The Teat is a series on Cloaking Inequity that examines the financial backing of “reformers” who influence education policy. For this current installment in the series, I am going to examine Michael Bloomberg, the current mayor of New York, school “reformer,” and multibillionaire.
To begin, every post in The Teat series has a Haiku:
Children are starving,
yet people ignore this fact,
Mike Bloomberg stepped into office in 2001 and has served three consecutive terms. He is a business executive with an estimated net worth of $27 billion. In addition, he created the Bloomberg Philanthropies, whose one of many goals is
To improve education in America with an innovative program to strengthen educational leadership and to advance good public policy in communities across the United States.
The market value of all assets for the Bloomberg Family Foundation at the end of 2011 was $2.9 billion. So, it is not a surprise that Mr. Bloomberg has much clout in education policy. Even if you don’t know much about education— power and $$$ talks (another i.e. see Bill Gates).
How has Bloomberg wielded his political power and foundation’s influence? As mayor of New York:
[He] fought for and won the right to dismantle the failed Board of Education and institute a system directly accountable to the Mayor…
What have been his priorities? Two of the most visible are Teach For America and charter schools.
He is passionate about using Teach For America as educators and power brokers. In fact, the mayor was “recruiting hundreds until the city’s financial constraints forced him to slow it down” (Cohen, 2013). The relationship between NYC and TFA was strengthened under Bloomberg’s tenure with “more than 65 alumni officials at the NYC Department of Education.” TFA has been used to starve public schools of permanent high quality teachers— their alums are everywhere but the classroom.) TFA has been discussed extensively on Cloaking Inequity here.
Mayor Bloomberg has also been a big proponent of charter schools. Similar to Rahm Emmanuel, Bloomberg has claimed there is a lack of funding for schools while exploding the growth of charter schools. When he first took office in 2001, there were 17 charter schools. A decade later there are now 159. In contrast, almost 140 public schools have closed while he has been in office.
So, the question remains: How have Bloomberg’s education policies worked thus far? According to a recent CREDO study “students in New York City charter schools on average make larger learning gains in both reading and mathematics.” However, in the same report, the CREDO study also found that on average NYC charter schools served fewer Special Education students, 17% to 12%, and English Language Learners, 16% to 5%, when compared to their public school counterparts.
See all of Cloaking Inequity’s posts on charters here.
…a world in which our resources continually build and replenish an endowment affording accessible tools to every struggling/”failing” school community in poor, disenfranchised, marginalized neighborhoods in New York City.
Every Tuesday, they tweet asking for donations. They call it $20 Tuesdays and their current goal is to raise $10,000 to help fund college trips and testing fees for high school students at Columbus High School. The community of Columbus High School has had a difficult past few years. The city of New York began phasing-out the school due to its “failing” standards. NYC DOE’s solution was to cut funding to the school, with the latest school finance report showing that Columbus High School only received 82.84% of funding per student (see Diane Ravitch’s post). These budget cuts have resulted in Columbus High School having to forgo AP courses and collegiate preparation.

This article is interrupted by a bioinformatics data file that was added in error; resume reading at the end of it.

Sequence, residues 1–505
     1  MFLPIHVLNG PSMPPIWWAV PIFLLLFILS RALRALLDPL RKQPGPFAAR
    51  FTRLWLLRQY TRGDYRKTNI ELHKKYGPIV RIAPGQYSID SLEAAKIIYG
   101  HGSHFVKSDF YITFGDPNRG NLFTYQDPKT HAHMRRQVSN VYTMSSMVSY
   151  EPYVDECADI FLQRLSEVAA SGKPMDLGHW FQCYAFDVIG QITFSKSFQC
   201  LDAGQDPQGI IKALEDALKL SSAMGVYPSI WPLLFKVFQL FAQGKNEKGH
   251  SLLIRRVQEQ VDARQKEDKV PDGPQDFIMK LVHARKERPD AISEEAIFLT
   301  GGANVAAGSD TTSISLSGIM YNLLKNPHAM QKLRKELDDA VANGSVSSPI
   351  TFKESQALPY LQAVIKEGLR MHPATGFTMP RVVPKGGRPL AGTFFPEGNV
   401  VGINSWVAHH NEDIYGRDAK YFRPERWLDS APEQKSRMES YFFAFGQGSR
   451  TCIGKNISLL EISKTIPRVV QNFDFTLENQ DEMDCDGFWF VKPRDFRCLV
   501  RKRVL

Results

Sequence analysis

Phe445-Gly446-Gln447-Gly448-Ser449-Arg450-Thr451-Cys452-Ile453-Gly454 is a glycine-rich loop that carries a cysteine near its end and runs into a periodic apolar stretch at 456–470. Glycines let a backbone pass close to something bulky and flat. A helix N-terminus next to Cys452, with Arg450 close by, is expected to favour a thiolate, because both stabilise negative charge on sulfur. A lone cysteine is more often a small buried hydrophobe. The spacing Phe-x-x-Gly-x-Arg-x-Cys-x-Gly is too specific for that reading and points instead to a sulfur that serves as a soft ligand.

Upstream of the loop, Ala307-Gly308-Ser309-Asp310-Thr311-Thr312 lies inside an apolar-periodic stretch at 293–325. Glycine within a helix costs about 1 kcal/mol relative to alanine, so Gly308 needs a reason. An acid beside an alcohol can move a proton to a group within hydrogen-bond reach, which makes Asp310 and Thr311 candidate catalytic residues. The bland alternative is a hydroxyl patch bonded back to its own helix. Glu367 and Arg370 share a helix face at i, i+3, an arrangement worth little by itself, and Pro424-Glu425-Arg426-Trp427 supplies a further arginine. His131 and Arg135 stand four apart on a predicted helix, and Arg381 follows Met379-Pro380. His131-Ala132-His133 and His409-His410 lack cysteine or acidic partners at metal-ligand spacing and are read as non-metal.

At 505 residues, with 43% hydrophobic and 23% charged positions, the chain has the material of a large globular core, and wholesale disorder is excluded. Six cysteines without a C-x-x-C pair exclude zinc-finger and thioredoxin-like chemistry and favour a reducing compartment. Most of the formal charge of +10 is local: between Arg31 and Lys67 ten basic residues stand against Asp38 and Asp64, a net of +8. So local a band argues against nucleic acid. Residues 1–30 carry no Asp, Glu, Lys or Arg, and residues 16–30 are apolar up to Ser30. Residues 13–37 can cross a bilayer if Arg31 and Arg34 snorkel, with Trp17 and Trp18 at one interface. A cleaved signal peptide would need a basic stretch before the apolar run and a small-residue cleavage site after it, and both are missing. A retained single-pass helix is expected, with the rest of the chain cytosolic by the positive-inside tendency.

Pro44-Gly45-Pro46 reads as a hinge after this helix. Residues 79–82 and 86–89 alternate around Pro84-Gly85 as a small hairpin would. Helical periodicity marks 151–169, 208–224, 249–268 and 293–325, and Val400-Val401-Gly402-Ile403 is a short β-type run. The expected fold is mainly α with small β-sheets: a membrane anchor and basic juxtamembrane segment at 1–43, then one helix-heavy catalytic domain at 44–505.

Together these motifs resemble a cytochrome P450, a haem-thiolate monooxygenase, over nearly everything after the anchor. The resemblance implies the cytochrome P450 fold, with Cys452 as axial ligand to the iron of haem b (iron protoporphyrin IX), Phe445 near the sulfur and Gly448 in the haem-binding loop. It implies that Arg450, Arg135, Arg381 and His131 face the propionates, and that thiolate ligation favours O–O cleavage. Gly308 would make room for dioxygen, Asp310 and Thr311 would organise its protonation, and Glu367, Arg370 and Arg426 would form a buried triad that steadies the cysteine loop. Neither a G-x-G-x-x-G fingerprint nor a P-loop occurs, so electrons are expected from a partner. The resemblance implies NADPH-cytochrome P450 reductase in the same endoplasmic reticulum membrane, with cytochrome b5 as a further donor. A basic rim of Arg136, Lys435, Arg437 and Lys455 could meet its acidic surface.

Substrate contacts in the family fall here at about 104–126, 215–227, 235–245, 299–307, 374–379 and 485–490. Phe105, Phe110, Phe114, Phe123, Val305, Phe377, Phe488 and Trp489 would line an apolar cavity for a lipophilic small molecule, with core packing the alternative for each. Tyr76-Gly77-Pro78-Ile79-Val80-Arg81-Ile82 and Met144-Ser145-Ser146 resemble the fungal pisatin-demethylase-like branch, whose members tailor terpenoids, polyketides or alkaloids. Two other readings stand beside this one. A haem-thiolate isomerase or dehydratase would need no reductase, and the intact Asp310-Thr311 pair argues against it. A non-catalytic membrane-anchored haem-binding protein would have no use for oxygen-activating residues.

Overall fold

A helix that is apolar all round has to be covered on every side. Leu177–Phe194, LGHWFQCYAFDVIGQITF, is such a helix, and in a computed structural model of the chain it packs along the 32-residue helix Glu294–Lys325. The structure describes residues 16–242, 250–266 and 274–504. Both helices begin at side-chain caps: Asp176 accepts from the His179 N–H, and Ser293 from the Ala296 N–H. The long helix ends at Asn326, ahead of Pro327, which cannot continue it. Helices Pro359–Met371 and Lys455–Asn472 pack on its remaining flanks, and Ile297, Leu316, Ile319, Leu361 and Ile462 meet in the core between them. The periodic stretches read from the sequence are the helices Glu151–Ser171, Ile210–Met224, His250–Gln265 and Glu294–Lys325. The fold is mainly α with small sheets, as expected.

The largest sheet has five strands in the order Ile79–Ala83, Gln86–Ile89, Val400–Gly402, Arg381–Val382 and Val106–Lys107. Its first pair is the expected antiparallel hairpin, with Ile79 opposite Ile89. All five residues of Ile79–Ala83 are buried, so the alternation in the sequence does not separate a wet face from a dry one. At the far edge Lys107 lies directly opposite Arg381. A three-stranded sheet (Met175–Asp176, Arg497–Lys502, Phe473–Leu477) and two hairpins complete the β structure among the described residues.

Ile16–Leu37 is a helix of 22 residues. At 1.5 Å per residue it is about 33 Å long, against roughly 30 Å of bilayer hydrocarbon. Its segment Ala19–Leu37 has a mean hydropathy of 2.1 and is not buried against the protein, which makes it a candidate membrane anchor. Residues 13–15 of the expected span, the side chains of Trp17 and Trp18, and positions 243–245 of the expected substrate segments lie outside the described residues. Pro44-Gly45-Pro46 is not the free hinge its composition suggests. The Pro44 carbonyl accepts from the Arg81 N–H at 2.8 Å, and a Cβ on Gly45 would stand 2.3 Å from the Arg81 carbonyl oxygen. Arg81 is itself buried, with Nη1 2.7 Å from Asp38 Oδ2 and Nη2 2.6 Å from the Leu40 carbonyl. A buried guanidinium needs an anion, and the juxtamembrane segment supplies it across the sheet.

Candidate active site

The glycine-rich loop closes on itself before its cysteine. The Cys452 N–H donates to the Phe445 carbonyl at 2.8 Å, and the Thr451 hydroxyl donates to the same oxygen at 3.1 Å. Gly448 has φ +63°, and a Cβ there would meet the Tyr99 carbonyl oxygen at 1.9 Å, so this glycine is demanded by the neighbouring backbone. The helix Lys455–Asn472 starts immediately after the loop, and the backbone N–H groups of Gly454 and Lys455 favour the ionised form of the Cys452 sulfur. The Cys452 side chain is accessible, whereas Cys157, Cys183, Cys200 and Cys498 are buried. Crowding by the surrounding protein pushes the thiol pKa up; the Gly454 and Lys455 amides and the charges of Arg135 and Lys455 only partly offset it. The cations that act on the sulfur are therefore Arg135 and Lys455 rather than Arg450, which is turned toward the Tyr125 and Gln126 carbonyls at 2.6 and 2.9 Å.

Sabotage aka starved cow.
The Schott Foundation for Public Policy’s study titled A Rotting Apple: Education Redlining in New York City is essentially a critique of Bloomberg’s “reformer” approach. Schott found that:
Primarily because of New York City policies and practices that result in an inequitable distribution of educational resources and intensify the impact of poverty, children who are poor, Black and Hispanic have far less of an opportunity to learn the skills needed to succeed on state and federal assessments. They are also much less likely to have an opportunity to be identified for Gifted and Talented programs, to attend selective high schools or to obtain diplomas qualifying them for college or a good job.
Bloomberg’s policies are purposefully educationally starving the community of Columbus High School and other high minority, high poverty schools.
In conclusion, Bloomberg peaked my interest when he gave $1,000,000 this past year, the largest single donation ever in the Los Angeles school board races, to three candidates (L.A. school board president Monica Garcia in District 2, challenger Kate Anderson in District 4, and Antonio Sanchez, who was vying for an open seat in District 6). In total “reformers” raised $3.8 million in the LA race. Despite raising millions, they lost 2 of 3.
Despite “reformers” defeat in LA, clearly the reformers still have momentum in New Orleans and Chicago. Our traditional media has not held Bloomberg and the “reformers” accountable to the data and research on their “ideas.” We must refuse to be Pawns of Industrialists and Financiers.
If educationally starving poor communities are the result of Bloomberg’s policies, what can we expect from the candidates he finances?
Many thanks to PFSA for their dedication to students and their school communities. Bloomberg and his “reformers” have much to learn from your example.
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